ment funding, “the universities are going to play a bigger role in commercializing that intellectual property and making sure there is economic benefit.”
Commercial interests are not the only reason for withholding data and materials. The geneticists surveyed by Campbell and his colleagues cited additional reasons for intentionally withholding information, data, or materials related to their own published research. They include the financial cost of providing the materials or information to others; the need to preserve patient confidentiality; the need to protect the ability of a graduate student, postdoctoral fellow, or junior faculty member to publish follow-up papers; the need to protect one’s own ability to publish follow-up papers; and the likelihood that the recipient will never reciprocate. It is not surprising that a reluctance to share is more common in fields in which scientific competitiveness is high.
The Changing Nature of Data
New types of data and materials are also complicating publication-related sharing practices. One factor that has added a new dimension to the scientific landscape and is an increasing source of concern about community standards for sharing is the growing role of large databases and other large datasets in life-sciences research. The rise of “big science” projects, such as the Human Genome Project, and the ever-increasing pace of technology have enabled researchers to collect vast quantities of data faster and faster. The large databases being compiled include genomic databases, microarray-based gene-expression databases, proteomics databases, large-scale databases for comparative genomics, human population-genetics datasets, ecological datasets, and databases resulting from the use of imaging technologies. Because many of the databases can be productively “mined” for a long time and yield many papers, some authors view relinquishing control of them as a stiff penalty in light of the time, cost, and effort needed to create the first publication.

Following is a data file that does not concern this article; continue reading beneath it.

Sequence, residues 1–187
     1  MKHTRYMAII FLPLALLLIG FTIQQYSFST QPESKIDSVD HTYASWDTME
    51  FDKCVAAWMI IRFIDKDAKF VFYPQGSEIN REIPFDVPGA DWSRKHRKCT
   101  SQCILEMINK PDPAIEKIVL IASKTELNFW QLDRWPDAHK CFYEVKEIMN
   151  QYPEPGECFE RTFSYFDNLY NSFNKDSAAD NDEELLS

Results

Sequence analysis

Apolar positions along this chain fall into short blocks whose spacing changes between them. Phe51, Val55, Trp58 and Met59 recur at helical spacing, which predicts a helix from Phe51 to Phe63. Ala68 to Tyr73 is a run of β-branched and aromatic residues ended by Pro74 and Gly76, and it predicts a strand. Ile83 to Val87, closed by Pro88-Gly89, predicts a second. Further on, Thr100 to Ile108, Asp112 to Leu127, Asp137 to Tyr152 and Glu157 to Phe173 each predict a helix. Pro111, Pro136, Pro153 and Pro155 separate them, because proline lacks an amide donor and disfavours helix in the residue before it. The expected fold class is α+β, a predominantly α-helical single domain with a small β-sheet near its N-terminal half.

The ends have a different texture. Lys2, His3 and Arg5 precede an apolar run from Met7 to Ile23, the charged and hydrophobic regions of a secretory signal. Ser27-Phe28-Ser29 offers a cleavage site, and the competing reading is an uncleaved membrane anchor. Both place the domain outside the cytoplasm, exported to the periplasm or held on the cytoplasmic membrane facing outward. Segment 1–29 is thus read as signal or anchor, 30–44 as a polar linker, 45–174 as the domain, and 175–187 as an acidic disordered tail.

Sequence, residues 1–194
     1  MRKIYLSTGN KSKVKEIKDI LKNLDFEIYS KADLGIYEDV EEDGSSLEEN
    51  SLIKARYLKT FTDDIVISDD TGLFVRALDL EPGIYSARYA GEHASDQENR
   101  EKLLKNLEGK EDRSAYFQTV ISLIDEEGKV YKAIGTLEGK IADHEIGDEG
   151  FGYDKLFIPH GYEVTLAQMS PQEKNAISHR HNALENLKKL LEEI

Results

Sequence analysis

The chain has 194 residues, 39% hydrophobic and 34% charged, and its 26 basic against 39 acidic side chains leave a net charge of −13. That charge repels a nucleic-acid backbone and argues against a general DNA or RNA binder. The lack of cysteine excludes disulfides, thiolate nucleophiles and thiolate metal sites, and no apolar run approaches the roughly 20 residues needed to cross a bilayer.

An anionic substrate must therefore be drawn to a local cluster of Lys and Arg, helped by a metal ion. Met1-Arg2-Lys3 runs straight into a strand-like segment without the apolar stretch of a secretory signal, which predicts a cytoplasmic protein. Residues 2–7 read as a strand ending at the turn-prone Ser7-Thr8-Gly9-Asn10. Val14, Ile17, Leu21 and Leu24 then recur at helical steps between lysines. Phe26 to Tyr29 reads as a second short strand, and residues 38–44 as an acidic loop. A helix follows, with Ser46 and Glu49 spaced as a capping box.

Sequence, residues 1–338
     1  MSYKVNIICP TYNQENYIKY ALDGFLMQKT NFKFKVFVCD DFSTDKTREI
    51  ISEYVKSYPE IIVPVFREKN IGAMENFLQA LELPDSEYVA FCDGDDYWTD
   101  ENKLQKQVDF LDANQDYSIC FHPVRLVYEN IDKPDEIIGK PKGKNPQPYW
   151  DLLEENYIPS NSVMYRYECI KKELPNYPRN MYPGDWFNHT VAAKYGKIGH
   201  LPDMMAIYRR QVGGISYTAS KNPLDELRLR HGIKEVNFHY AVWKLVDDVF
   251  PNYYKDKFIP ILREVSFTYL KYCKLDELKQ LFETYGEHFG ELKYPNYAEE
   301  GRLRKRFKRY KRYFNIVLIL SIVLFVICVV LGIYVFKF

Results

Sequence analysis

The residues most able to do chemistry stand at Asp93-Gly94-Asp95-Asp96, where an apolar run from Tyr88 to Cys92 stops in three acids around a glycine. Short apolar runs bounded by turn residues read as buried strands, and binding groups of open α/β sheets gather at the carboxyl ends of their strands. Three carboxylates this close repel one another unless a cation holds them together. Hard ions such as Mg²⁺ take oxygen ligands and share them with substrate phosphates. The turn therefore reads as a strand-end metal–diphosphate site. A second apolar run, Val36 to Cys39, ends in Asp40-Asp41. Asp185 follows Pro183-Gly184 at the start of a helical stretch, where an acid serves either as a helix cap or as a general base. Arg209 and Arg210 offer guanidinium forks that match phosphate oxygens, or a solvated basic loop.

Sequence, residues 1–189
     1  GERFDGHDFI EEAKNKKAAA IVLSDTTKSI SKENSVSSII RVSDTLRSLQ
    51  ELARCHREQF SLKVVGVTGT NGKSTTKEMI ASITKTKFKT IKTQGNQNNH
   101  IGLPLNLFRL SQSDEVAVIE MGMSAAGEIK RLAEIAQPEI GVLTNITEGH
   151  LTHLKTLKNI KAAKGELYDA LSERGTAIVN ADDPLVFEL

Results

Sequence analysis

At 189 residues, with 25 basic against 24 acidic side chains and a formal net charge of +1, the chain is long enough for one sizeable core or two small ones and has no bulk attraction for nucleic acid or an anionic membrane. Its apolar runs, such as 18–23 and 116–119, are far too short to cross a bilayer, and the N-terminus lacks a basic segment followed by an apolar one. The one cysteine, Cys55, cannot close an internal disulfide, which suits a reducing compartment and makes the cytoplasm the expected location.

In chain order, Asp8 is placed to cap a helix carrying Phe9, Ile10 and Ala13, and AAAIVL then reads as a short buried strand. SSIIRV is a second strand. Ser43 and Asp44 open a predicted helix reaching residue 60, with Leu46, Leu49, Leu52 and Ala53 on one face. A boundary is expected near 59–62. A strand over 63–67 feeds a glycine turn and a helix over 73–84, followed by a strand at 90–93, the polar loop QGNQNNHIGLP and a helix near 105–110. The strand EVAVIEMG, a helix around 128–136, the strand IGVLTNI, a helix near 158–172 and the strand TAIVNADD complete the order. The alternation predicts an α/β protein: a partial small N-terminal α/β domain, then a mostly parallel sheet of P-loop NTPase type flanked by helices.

Although the genomics, structural-biology, and clinical-trials communities have established public databases that facilitate the free sharing
of data in standardized formats, researchers in other disciplines that are generating large datasets, such as those resulting from brain imaging or gene and protein expression studies, have yet to agree on standards for when and how to share, format, annotate, and curate data.